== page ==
HealthManagement, Volume 22 - Issue 6, 2022

Future Trends in Radiology and Healthcare

An overview of the big trends in radiology/healthcare and what this means for the future of radiology, GE Healthcare and the industry. 

Key Points

  • Data will need to be more integrated to provide longitudinal insights, enabling quicker and more impactful decision-making with Artificial Intelligence (AI).
  • Staff shortages and burnout among radiologists have been an issue for years and are now more widespread than ever.
  • Technology will play a key role in reducing disparities in outcomes by making care more accessible in rural and remote areas.
  • Demand for theranostics, a combination of the terms therapeutics and diagnostics, is expected to increase.

Four key trends in radiology/healthcare were highlighted during the Radiological Society of North America (RSNA) Congress in Chicago this year. These include:

Using AI to Transform Data into Actionable Insights

There is an abundance of data in healthcare, but it is spread across too many places and is not actionable. The clear expectation from our customers is to make data more integrated to provide longitudinal insights, enabling quicker and more impactful decision-making with Artificial Intelligence (AI).

On-device AI continues to be important, meaning AI embedded into the device, the CT/MR/ultrasound scanner, but the clear feedback was that GE Healthcare was already pretty good with regard to pixel AI. However, departmental AI or enterprise AI will become more important in the future. This includes GE Healthcare’s no-show app, Imaging Insights, or the Edison Orchestrator - the workflow management system that simplifies the selection, deployment, and usage of AI.

Healthcare Workforce Shortages & Burnout

Staff shortages have been a top priority for leaders across healthcare. Burnout among radiologists has been an issue for years and is now more widespread than ever. There is also the problem of rad-tech shortages.

Work overload is commonly cited as one of the main causes of burnout. But workload may not be the root cause in radiology. Burnout in radiology may be more related to a radiologist’s ability or the amount of time they need to provide the kind of care they want.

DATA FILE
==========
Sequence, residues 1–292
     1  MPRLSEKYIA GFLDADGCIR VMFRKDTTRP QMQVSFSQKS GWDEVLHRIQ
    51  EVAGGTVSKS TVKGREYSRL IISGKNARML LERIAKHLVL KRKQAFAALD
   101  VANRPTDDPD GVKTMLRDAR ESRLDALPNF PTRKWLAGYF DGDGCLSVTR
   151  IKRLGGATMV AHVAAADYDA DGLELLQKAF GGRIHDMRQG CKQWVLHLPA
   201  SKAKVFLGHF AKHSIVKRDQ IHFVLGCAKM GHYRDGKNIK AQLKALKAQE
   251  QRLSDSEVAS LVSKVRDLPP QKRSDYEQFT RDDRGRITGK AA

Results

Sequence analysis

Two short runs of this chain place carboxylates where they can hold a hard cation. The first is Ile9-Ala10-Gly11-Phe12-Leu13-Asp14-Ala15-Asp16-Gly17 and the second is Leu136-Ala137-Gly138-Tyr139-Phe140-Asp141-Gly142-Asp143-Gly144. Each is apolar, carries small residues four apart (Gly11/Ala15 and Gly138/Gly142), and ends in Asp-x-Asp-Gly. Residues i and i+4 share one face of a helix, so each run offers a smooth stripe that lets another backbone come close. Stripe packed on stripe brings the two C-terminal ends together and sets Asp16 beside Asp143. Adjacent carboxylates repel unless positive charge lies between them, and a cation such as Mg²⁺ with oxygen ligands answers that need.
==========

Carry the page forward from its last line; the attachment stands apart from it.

AI can provide intelligent assistance in the radiologists’ workflow, automating repetitive and tedious tasks, so they can focus more of their time on the actual read and put together their insights to provide a narrower differential diagnosis. Also, a less focused benefit of AI is that it can reduce a radiologist’s diagnostic uncertainty. It also supports them in creating richer and more definitive reports that can translate into more informed clinical decisions with higher diagnostic confidence. Using AI this way can increase radiologists’ satisfaction with their work. This could help reduce stress, leading to less radiologist burnout.

Therefore, when considering the adoption of AI into practice and workflows, think beyond increasing productivity or reporting turnaround times. Instead, find ways in which it can assist with providing more meaning and higher levels of work satisfaction.

Using Technology to Increase Access to Care

Technology will play a key role in reducing disparities in outcomes by making care more accessible in rural and remote areas.

The Vscan Air, for example, may be called the doctor’s new stethoscope. It is a portable ultrasound system that fits into the pocket and can generate high-quality ultrasound images. Areas in rural India, Sub-Saharan Africa, and other parts of the world where there is little or no access to medical care or imaging, in particular, could benefit from such a device. With a device like this, a doctor or midwife can examine, for example, a pregnant woman and decide if the pain she’s having is normal or if she needs to travel probably 15 hours to get medical care.

Imaging Technology Will Be Used In New, Innovative Ways

Think of theranostics. Theranostics is a combination of the terms therapeutics and diagnostics and describes the combination of using one radioactive drug to identify (diagnose) and a second radioactive drug to deliver therapy to treat the main tumour and any metastatic tumours. It is expected that the demand for theranostics will increase as imaging equipment is needed for many uses. This is especially significant following the FDA approval of several new drugs and therapies, including Lutetium-177 PSMA-617 – an exceptional therapy for advanced prostate cancer. GE Healthcare is “all in” with regard to theranostics. 

Disclosure of conflict of interest: Point-of-View articles are the sole opinion of the author(s) and they are part of the Corporate Engagement or Educational Community Programme.

Related Articles

Radiologists make errors, and this is inevitable. Peer Learning is a safe way to improve the performance of the entire group... Read more

Related IssueArticles

The Need for Integrated Hospital/Healthcare Organisation Interoperability and Cyber and Information Security Plans One of... Read more

James Frith is a consultant physician and geriatrician in Newcastle, England. He is also a researcher at the Newcastle University.... Read more

Cybersecurity is vital for the effective functioning of healthcare organisations and  protecting private and important patient... Read more

Point-of-View - Medical Imaging Future Trends in Radiology and Healthcare

No comment

Please login to leave a comment...